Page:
IMF squeezes Argentina
August 31, 2001 | Page 1
MARTA BONGIORNO stood in a line of 300 women that ran around the block in Buenos Aires, the capital of Argentina. They were answering a newspaper ad for a single job.
"I was laid off five months ago," Marta said. "It was the first time I hadn't worked all my adult life. The crisis is everywhere."
About 11 million Argentinians live below the poverty line, and the country is in the grips of its worst recession since the 1930s. But the global loan sharks at the International Monetary Fund (IMF) want more of the same.
International bankers are panicking that Argentina won't be able to pay back its $140 billion foreign debt, causing an earthquake in the international financial system--just as economies around the world are headed into recession.
So in August, the IMF said it would step in with an $8 billion bailout loan for Argentina.
This isn't an act of generosity. On the contrary, the IMF--and the powerful governments that pull its strings--want to make sure Argentina repays its debt to the bankers. And the loan comes with conditions--that Argentina's government impose even harsher austerity measures.
Consider what the IMF did to Argentina last September. It offered a $26 billion loan--if Argentina agreed to cut government spending and slash wages in the public sector by 12 to 15 percent.
"The economists at the IMF surely know that holding back government spending and snuffing out purchasing power in a contracting economy would be like turning off the engines on an airplane in stall," wrote Gregory Palast, a columnist for Britain's Observer newspaper.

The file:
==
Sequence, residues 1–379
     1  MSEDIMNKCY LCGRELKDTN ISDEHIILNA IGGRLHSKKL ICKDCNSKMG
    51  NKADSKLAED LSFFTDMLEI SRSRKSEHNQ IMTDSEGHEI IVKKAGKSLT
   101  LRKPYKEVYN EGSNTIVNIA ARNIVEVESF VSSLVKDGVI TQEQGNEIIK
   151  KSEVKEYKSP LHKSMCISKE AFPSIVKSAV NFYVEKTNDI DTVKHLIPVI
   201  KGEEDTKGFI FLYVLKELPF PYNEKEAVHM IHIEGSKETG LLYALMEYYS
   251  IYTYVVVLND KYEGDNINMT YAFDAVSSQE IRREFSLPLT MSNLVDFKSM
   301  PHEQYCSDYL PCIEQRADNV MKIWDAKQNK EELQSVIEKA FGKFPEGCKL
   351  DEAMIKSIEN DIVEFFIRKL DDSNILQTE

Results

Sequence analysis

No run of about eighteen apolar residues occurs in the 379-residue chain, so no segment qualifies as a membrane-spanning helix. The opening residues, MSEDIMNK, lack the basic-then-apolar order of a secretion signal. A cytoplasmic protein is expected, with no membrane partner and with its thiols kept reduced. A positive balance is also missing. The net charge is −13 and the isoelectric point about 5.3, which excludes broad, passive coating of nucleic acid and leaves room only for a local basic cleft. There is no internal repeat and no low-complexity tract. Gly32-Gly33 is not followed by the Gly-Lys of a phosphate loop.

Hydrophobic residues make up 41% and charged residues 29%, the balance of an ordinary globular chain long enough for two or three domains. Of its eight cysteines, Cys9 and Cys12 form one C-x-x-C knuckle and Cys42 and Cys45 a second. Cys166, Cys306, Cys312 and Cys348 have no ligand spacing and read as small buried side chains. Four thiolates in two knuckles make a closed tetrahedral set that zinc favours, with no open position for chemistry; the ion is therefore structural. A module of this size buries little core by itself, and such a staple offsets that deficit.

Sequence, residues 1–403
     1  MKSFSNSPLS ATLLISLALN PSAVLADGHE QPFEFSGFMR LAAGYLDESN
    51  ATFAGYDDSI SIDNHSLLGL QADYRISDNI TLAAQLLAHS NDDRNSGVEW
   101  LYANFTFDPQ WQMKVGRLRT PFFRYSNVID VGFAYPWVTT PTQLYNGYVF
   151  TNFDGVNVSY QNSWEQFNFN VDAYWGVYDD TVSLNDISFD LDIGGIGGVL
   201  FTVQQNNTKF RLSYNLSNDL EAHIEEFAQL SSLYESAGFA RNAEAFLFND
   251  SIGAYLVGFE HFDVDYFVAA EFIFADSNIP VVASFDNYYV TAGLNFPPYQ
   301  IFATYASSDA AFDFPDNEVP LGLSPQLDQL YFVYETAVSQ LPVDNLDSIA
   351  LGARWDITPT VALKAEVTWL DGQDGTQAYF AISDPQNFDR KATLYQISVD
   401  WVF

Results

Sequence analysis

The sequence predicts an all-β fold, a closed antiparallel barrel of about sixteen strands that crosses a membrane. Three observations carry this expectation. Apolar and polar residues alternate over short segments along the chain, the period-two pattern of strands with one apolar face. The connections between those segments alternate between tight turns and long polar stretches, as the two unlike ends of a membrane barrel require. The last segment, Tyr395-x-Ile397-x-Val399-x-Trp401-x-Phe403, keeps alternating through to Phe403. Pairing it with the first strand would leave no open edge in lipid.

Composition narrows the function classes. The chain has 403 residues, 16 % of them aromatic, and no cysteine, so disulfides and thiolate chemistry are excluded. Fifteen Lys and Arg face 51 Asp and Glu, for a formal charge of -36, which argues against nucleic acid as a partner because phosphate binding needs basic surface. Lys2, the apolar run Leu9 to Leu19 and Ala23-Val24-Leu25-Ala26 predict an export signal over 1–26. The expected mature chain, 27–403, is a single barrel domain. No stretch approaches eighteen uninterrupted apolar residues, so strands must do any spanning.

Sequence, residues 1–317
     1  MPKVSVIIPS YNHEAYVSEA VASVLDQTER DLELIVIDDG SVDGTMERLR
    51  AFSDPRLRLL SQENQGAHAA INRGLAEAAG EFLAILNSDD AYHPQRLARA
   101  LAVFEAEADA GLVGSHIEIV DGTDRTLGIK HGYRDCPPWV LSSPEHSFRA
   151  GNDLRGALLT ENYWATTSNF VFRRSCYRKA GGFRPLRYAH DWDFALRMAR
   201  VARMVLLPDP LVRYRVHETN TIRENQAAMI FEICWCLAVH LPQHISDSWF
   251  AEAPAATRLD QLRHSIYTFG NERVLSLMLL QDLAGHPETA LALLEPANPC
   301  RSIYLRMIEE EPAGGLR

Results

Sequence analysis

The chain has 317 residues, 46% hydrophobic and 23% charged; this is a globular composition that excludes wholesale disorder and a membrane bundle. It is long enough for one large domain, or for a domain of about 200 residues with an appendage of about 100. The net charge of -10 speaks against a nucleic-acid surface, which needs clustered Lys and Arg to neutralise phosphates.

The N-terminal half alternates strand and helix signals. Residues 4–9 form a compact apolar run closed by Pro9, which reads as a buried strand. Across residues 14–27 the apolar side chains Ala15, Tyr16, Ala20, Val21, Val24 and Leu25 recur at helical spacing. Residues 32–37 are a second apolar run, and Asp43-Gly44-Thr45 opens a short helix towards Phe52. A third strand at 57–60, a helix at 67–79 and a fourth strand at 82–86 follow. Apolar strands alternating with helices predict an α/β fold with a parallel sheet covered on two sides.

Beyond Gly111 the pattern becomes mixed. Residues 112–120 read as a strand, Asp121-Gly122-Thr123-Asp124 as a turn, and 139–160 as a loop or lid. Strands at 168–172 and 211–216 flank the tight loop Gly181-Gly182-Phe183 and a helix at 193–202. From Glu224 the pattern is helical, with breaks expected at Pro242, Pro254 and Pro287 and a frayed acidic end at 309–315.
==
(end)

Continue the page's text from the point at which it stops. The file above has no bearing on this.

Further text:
"Little of the bailout money escapes New York, where it lingers to pay interest to U.S. creditors, like Citibank. This disaster was created by IMF policies which transformed a mild recession into a depression and international crisis."
The IMF and its partner in crime, the World Bank, have pursued the same savage policies around the globe--with frighteningly similar results. In Africa, Uganda spends $17 on debt repayments for every $3 that it spends on health care--in a country where one in four children die of preventable disease.
Such policies have meant that money is flowing out of the world's poorest countries--and into the pockets of the world's richest people. Between 1990 and 1997, poor countries paid $77 billion more on debt payments than they got in new loans.
These global loan sharks need to be stopped. Tens of thousands of people will converge on Washington, D.C., in late September to take a stand against the IMF and World Bank at their annual meetings.
These protests can show the bankers and the bosses and their servants in Washington that we've had enough of a system that puts profits first--and imposes misery on people like Marta Bongiorno and millions like her around the world.
Come and add your voice to the growing movement for global justice!